Tablet computers make preschool children's play less creative, study finds

Tablet computers make preschool children's play less creative
A pie chart of the distributions between phases and stages of play from the index analysis. Each stage is represented by a color, a line is used to divide epistemic and ludic play phases for clarity. Credit: Learning, Media and Technology (2022). DOI: 10.1080/17439884.2022.2141252

Preschool children's play involving tablets is less creative and imaginative compared to their play involving physical toys. This is shown in a new study by Uppsala University, and the difference is substantial. The results counter occasional claims that new technology would make children more creative.

"Although the study is quite small, it shows that we should perhaps be careful about using touch screens with preschool children," notes Robin Samuelsson at the Department of Scandinavian Languages at Uppsala University.

In a collaboration between researchers at Uppsala University and the Institute of Education at University College London in the UK, almost one hundred play activities were compared in two groups of , 2-year-olds and 4–5-year-olds. 30 children at two preschools participated in the study during the preschool's sessions, i.e. play without much involvement from teachers. Free play accounts for approximately 57 percent of children's time at preschool.

Previous studies have often evaluated entirely new apps or technologies, for example (VR) and augmented reality (AR), at preschools. In this study, however, the researchers wanted to investigate how the children played with common, popular apps during free play.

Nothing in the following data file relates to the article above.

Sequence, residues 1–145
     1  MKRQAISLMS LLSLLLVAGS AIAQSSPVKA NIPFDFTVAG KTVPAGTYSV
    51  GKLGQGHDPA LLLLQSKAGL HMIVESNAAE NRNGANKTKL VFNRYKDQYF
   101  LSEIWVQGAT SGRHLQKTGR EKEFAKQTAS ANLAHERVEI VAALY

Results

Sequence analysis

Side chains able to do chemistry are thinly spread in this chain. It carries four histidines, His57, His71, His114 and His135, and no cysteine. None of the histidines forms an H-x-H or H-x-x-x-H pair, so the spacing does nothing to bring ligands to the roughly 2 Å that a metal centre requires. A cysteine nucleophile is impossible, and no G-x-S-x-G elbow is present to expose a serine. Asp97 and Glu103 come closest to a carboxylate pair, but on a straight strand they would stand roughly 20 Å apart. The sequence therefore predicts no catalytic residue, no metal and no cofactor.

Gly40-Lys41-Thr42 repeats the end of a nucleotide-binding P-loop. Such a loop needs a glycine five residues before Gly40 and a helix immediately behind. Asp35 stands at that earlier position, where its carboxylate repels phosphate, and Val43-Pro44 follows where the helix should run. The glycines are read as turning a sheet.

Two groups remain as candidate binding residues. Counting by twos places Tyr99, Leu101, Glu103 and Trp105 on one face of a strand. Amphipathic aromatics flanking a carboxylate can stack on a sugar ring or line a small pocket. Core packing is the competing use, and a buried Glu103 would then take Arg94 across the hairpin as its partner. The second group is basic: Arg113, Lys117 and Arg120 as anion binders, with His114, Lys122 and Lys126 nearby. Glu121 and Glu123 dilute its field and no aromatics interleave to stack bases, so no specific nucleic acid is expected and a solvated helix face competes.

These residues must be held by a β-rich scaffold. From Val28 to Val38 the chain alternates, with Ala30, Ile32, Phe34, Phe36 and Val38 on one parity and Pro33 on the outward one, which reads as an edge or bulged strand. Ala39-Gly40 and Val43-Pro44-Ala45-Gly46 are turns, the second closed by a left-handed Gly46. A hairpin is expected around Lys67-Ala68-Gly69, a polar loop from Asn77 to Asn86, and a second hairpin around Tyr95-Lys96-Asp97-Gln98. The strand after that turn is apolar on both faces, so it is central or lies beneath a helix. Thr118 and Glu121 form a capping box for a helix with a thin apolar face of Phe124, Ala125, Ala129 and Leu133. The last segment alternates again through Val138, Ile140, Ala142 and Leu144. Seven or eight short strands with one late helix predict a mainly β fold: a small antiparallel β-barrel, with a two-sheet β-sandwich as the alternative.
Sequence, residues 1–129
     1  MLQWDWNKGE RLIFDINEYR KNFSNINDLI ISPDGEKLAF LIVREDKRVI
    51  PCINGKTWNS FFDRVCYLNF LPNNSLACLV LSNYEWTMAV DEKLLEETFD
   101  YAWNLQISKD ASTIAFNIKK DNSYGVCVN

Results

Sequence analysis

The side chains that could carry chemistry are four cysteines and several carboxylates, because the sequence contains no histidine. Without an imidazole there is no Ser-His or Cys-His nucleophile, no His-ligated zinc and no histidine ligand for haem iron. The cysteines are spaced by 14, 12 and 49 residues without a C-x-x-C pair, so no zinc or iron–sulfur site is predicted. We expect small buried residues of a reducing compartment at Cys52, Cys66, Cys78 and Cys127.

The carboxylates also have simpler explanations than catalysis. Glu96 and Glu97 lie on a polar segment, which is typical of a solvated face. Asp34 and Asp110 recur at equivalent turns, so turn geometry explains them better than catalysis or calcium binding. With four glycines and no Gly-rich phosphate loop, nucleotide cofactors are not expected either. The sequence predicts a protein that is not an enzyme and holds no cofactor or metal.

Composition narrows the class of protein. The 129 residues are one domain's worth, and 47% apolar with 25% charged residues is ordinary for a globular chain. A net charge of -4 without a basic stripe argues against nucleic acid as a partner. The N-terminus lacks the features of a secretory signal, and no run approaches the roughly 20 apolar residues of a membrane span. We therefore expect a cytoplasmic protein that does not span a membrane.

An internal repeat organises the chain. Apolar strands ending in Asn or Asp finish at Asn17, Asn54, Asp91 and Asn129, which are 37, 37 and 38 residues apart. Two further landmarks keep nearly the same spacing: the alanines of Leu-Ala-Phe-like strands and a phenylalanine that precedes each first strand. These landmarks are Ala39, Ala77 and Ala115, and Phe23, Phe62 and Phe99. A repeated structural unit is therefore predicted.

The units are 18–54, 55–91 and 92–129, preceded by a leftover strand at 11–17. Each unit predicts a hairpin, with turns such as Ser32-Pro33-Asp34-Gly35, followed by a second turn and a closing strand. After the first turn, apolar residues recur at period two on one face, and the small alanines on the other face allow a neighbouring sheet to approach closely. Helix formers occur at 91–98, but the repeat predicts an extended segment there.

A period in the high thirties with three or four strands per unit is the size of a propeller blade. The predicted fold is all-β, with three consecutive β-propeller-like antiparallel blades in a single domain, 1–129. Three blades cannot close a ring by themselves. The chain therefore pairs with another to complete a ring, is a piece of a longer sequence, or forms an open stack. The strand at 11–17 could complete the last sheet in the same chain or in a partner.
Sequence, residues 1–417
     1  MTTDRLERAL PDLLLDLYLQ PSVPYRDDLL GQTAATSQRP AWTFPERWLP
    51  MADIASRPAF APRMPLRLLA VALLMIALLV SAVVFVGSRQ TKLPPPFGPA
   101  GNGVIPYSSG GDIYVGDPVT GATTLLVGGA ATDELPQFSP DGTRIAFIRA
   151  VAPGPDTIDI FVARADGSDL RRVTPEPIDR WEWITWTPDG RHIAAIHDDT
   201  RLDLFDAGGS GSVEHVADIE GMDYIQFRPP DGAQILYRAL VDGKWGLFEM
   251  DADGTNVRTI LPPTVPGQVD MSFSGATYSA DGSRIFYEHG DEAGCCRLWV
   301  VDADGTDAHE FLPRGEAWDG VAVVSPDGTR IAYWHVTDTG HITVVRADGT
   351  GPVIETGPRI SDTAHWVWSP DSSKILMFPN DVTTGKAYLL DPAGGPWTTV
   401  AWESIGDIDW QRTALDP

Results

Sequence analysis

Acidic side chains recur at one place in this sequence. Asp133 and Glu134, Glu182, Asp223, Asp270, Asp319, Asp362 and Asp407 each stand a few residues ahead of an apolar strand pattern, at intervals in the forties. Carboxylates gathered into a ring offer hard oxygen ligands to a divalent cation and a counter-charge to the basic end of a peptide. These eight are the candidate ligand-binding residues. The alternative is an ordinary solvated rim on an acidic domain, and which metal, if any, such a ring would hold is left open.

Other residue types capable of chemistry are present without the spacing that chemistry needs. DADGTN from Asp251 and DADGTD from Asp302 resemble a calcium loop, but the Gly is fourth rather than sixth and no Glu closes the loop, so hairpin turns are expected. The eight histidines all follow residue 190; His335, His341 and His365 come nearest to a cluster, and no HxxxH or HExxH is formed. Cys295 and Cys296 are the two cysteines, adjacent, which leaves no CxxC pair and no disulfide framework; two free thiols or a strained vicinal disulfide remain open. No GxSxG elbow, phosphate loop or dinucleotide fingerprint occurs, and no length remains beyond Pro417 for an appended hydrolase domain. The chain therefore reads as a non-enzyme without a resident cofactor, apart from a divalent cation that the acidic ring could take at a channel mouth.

The researchers conducted a multi-method study in which they recorded video of the children playing at preschool. They examined both patterns in the children's play and what the children did when they played with tablets compared to physical toys such as toy bricks and dress-up clothes. During play with tablets, the focus was on what the children did on the screens and with their peers. The children's play was compared after the study adapted an established framework for categorizing children's play.

The study showed that play involving the tablets was more exploratory but had less elements of pretend and fantasy. The nature of tablet play was also different from games that children of that age usually play.

The curriculum for preschool, known in Swedish as Lpfö 2018, states in its guidelines for care, development and learning that preschool teachers must take responsibility for ensuring that every child can use in a way that stimulates development and learning. As a result, tablets have become established in the country's preschools and a part of many children's everyday lives. Both educators and researchers have witnessed the opportunities afforded by new technology.

"Our results were clear but also surprising, given the curriculum. We hope that our results are meaningful and helpful to preschool staff, but also to parents and others who interact with children and technology in day-to-day life. While there are possible learning mechanisms for exploratory play using tablets, there should be an awareness of the ways in which new technologies affect children," notes Samuelsson.

This new study, which is published in Learning, Media and Technology, builds upon a previous study examining patterns of interaction between teachers and children using tablets. In that study, reading books was compared with the use of tablets, which showed that children talk less in situations involving the . The previous study also demonstrated the new non-verbal methods use to communicate using touch screens.

More information: Robin Samuelsson et al, How young children's play is shaped through common iPad applications: a study of 2 and 4–5 year-olds, Learning, Media and Technology (2022). DOI: 10.1080/17439884.2022.2141252

Citation: Tablet computers make preschool children's play less creative, study finds (2022, November 21) retrieved 29 February 2024 from
This document is subject to copyright. Apart from any fair dealing for the purpose of private study or research, no part may be reproduced without the written permission. The content is provided for information purposes only.

Explore further

Children who have difficult relationships with their moms are clingy towards teachers


Feedback to editors